China Labour Bulletin Director Han Dongfang is quoted in the following article. Copyright remains with the original publisher
By Di Chung
10 April 2013
Look at the tag on the back of your shirt or in your shoes and chances are, you will most likely see the line, “Made in China.” Behind this simple acknowledgement occupies a realm of issues related to Chinese manufacturing and in particular, the rights of Chinese workers within industry. Han Dongfang, a Chinese labor rights activist, addressed students and faculty on these issues April 9 in the Z. Smith Reynolds Library.
Originally from the Shanxi province in China, Dongfang is most known for his work in establishing the Beijing Workers’ Autonomous Federation who was actively involved in the historic protests in Tiananmen Square in 1989. After the protest, he was placed on the government’s most wanted list and was subsequently arrested. After serving a two year jail sentence, Dongfang moved to Hong Kong, where he currently resides. Presently, he hosts a radio show called Radio Free Asia and is the director of an organization called the China Labour Bulletin which fights for labor rights in China.
“China is the biggest world factory,” Dongfang said. He pointed out the peculiarity of China’s specialization in industry and its communist government. “It’s a very strange system, but the system works. It’s a very unique system and lots of unexpected things happen.”
Dongfang then talked about his organization and radio program. Dongfang originally started a labor rights litigation program for workers where his organization hired lawyers to help workers claim compensation. Because they provide help for the workers, he expressed that it was difficult to raise the money to afford lawyers. However, he then realized that the issue labor rights should be pressed in a different manner. “Things should be done somewhere in the workplace and not in the courtroom,” Dongfang said.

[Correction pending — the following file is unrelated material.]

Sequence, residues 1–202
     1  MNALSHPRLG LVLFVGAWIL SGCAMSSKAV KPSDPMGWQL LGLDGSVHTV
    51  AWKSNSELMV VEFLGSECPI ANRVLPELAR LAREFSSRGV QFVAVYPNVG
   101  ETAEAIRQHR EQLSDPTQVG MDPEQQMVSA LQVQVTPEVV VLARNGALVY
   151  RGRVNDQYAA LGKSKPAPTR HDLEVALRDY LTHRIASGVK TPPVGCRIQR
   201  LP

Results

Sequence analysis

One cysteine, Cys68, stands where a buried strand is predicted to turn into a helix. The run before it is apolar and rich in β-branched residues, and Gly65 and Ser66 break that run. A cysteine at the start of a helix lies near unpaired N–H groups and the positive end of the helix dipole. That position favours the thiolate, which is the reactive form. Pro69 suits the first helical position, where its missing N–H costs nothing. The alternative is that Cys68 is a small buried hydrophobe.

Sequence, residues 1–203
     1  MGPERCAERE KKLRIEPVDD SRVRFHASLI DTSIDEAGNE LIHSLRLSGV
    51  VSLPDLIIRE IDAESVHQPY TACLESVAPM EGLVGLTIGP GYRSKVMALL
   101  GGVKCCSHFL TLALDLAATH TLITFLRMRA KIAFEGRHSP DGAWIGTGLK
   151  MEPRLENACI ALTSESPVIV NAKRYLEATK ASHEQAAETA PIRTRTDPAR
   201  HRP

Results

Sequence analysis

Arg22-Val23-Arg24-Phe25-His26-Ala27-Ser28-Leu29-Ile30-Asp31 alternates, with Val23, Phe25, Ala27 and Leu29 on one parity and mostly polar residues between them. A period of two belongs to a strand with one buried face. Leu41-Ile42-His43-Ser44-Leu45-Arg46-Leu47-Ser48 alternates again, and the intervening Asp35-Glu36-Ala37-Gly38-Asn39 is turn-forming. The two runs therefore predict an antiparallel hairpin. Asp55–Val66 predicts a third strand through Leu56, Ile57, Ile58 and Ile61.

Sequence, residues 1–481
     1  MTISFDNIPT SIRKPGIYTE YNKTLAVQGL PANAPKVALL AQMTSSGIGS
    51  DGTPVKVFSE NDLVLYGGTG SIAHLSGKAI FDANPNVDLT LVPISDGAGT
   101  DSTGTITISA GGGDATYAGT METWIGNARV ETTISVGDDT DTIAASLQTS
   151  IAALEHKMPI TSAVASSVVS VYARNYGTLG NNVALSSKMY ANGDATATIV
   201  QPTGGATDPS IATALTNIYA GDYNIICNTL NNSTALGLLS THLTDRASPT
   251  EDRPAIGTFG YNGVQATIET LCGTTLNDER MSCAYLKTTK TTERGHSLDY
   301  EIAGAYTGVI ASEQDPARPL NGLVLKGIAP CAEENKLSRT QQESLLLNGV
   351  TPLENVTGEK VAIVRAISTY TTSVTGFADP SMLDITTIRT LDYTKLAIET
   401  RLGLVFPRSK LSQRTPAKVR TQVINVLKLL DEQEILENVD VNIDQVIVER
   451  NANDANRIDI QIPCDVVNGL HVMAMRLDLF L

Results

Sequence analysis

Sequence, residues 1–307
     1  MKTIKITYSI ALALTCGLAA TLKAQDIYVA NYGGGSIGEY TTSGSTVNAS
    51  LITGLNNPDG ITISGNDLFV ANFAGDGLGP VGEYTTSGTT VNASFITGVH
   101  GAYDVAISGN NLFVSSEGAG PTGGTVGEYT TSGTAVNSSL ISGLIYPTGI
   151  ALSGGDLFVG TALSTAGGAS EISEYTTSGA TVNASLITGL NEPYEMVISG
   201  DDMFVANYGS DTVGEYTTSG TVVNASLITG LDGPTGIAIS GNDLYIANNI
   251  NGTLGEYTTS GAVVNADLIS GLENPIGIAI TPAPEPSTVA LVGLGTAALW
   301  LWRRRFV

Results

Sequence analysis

Dongfang highlighted collective bargaining as the best approach. “I personally have never pushed any strikes,” he said. “Each strike, I regarded as collective bargaining. Collective action. Similar demand. Just one thing missing- no bargaining table.”
“His approach was different, less forceful. I’m not sure how to describe it,” sophomore Eileen McNamara said.
He also emphasized that his organization does not necessarily push workers, but rather allow workers to push themselves and to realize their own rights as workers: “Little by little, the awareness of rights through what we initiated with collective bargaining, workers were able to realize much more than salary, much more than bargaining.”
Dongfang concluded by suggesting that their work in encouraging workers to speak up has turn the issue into less of a taboo one. He said, “We have made the most politically sensitive subject into the least politically sensitive issue.”
After his talk, Dongfang entertained some questions posed by faculty from the Political Science, Sociology and History Departments that concerned the evolution of workers, problematic industries and the current state of Chinese labor organization.
Interestingly, though Dongfang is most known for his prominent role in a violent protest, he continues to emphasize a peaceful approach with regards to attaining rights for laborers in China. “We are troubleshooters, not trouble makers,” he said
Dongfang then fielded questions from students in the audience. Some issues raised were in regards to the state of Chinese laborers with foreign manufacturers leaving China, the role of nationalism, the safety of working for NGOs and fears of the young generation.
Some students found Dongfang’s perspective to be unique. Junior Grace Wang said, “It does get me thinking about labor issues, especially in the next decade. It’s pretty different from other lectures. I’ve attended other talks of the same issue and this is different from the talks from other scholars. I’ve heard about others talk about it, but it’s different.”